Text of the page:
Confirmed: Geoff Johns Is the New President of DC Entertainment
Comic Books, Film, TV
The rapid rise of social media has been both a blessing and a curse to the frequently complicated creator/fan relationship. Whereas a decade ago a reader might’ve followed a writer or artist’s occasional posts on Livejournal, or on rare occasion even received a response to a message-board comment, now there’s direct interaction on Twitter, Tumblr, Facebook and Formspring. While those exchanges frequently go well, with an artist responding thoughtfully to a sincere and polite question, we’ve all seen our share of venomous tweets from readers and embarrassing Facebook meltdowns from creators.
When the subject turns to sensitive territory, like gender or ethnic representation in mainstream superhero comics, the chances of a social-media misfire increase dramatically. That’s why I was so pleased to read this recent exchange on the blog of Matt Fraction, writer of Marvel’s FF, Fantastic Four and Hawkeye. Asked (politely) why, when presented the opportunity to diversify the cast of FF, he opted for Miss Thing to be white — “Do you think FF would work with an African-American Miss Thing and why aren’t you writing that book?” — Fraction responded with a refreshing mix of humor, honesty and chagrin, and without the tetchiness you might expect from such a scenario.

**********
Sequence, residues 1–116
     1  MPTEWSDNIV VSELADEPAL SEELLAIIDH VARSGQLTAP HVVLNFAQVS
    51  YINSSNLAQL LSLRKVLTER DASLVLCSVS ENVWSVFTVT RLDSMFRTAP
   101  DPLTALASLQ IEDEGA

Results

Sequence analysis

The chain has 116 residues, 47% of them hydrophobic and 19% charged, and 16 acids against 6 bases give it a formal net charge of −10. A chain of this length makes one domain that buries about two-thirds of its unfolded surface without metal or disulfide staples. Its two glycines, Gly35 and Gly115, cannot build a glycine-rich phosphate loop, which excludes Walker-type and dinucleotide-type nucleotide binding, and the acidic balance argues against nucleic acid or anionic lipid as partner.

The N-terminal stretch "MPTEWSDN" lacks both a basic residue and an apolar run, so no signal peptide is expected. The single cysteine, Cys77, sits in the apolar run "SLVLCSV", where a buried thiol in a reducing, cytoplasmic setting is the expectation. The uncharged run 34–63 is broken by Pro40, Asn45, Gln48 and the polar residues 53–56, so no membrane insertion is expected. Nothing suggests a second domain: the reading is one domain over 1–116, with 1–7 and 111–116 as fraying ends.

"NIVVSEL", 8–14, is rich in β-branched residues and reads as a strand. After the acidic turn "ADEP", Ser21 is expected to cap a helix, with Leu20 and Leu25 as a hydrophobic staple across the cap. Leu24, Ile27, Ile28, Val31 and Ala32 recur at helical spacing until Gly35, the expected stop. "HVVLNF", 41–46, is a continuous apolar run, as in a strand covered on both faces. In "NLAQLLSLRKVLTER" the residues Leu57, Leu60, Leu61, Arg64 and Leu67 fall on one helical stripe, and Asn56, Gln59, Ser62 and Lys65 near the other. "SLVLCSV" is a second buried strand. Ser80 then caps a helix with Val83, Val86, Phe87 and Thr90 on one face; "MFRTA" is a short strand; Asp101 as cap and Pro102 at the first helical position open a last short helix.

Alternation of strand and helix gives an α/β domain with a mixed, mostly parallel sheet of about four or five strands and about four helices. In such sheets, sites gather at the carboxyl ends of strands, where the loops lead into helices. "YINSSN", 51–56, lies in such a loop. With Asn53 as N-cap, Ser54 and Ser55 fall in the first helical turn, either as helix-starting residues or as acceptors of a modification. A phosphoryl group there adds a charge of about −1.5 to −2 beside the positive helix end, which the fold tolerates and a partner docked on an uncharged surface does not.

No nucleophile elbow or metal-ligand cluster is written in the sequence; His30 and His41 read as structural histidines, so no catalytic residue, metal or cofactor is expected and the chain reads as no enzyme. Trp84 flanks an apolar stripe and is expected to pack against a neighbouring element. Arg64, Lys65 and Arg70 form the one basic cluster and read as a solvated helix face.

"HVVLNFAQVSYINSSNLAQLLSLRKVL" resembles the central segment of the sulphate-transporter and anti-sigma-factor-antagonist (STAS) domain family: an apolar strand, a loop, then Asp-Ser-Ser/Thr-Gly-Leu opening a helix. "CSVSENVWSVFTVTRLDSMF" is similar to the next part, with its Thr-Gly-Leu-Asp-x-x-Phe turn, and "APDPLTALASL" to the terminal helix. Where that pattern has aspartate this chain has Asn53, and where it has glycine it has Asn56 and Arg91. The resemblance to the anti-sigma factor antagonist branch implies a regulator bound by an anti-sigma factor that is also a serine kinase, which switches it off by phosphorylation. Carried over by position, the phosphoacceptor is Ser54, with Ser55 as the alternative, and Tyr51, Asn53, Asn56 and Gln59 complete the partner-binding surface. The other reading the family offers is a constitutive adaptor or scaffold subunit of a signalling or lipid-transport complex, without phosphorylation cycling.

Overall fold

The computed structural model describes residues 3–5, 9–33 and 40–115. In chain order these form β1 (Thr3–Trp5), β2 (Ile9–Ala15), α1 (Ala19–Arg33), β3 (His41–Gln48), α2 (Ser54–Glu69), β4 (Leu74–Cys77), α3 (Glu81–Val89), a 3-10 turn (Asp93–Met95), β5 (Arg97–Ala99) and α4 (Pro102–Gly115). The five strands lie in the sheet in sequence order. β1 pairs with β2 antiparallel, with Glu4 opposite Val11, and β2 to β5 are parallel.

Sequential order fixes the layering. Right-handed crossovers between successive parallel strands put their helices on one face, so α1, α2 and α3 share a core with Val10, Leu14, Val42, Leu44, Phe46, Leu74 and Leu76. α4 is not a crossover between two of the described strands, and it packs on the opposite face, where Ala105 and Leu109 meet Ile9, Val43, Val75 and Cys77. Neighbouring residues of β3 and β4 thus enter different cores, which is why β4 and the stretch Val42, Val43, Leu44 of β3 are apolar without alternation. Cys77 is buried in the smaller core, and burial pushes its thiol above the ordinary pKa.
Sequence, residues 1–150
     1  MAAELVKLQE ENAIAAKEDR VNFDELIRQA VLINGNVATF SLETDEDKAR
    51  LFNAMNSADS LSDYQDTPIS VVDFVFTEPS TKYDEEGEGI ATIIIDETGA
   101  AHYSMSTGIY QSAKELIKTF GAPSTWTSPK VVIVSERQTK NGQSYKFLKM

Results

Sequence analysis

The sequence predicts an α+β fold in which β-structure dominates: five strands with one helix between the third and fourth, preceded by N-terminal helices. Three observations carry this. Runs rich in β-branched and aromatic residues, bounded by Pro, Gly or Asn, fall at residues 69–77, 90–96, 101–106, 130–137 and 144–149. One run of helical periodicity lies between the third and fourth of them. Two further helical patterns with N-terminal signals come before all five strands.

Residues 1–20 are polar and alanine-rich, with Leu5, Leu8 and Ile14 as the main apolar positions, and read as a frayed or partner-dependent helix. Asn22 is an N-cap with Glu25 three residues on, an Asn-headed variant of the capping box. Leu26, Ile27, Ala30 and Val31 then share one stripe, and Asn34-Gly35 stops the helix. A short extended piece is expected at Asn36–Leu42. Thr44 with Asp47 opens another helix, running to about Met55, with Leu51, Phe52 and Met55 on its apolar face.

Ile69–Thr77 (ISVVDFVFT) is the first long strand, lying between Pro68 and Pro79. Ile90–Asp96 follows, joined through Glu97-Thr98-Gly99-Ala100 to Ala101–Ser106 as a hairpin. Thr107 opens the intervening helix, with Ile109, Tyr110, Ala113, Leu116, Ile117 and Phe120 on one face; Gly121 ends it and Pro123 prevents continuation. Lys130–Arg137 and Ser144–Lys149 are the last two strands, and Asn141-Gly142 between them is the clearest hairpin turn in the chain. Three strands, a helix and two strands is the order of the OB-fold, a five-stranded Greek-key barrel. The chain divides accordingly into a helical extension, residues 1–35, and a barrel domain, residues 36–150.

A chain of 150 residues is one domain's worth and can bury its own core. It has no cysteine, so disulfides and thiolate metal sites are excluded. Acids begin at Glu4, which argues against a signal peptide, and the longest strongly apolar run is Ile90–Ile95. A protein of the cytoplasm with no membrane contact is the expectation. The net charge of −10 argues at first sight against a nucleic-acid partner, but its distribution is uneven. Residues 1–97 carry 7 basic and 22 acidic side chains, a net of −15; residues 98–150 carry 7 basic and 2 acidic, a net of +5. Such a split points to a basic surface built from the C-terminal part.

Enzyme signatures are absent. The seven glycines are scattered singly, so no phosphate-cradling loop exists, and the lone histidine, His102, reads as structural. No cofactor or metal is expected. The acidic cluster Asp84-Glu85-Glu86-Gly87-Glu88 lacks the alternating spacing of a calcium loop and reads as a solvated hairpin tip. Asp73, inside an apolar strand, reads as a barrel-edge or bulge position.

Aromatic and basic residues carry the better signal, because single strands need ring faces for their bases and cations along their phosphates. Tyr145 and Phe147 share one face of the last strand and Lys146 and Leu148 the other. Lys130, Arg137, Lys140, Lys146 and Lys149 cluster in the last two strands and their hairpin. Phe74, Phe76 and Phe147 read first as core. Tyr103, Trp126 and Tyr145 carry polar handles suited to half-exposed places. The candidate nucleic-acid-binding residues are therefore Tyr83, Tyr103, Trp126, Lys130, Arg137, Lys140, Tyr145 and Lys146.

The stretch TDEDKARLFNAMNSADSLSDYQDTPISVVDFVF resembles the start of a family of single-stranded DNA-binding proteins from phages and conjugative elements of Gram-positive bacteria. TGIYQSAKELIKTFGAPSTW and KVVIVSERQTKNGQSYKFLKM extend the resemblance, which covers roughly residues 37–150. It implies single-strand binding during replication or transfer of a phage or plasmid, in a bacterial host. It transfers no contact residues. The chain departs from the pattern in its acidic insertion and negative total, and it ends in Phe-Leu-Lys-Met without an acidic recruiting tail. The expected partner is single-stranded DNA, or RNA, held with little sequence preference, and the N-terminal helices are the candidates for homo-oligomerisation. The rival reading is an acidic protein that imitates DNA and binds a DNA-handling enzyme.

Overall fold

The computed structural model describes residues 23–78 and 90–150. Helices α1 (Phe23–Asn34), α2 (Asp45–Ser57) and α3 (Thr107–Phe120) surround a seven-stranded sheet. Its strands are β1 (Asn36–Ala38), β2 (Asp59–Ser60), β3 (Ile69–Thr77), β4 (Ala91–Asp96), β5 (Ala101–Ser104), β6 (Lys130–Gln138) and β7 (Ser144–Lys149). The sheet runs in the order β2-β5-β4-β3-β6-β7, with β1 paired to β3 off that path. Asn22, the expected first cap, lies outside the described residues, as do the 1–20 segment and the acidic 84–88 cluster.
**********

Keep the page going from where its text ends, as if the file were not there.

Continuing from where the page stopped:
“Y’know, I was gonna start this off with ‘I know how you feel,’ or, ‘I can appreciate your frustration,’ or some such but that’s a lie, isn’t it?” Fraction wrote. “I’m a white cisgendered male. The fuck do I know about not seeing my race represented somewhere? Dear Editors of JET I can’t help but notice we yet AGAIN have an African-American ‘Beauty of the Week’ WHEN will a bit of Anglo-Saxon beauty grace your periodical’s pages…?”
After touching upon his experience with charges of tokenism, and the “baggage” that comes with creating characters in the Marvel Universe, Fraction asked, “Could it have worked? Yeah, absolutely, but I suppose that I supposed the ethnic, gender, and biological diversity of the cast was pretty pronounced as it was — even though some of those ethnic and biological classifications are wholly fictional. I could say until blue in the face that our central leading lady’s skin is green but I suspect that poor comfort to, say, the Latina wanting HER heroic image reflected in ranks of the Marvel U’s foremost family.
“I was going to ignore this, at first, because it made my ears sting when I read it, and it made me mad, and embarrassed. Because you’re right. I should’ve considered it more than I did. Even if I came to the same conclusion, I can’t tell you with a clear conscience that I gave it all the thought I should’ve. I’ll do better next time.”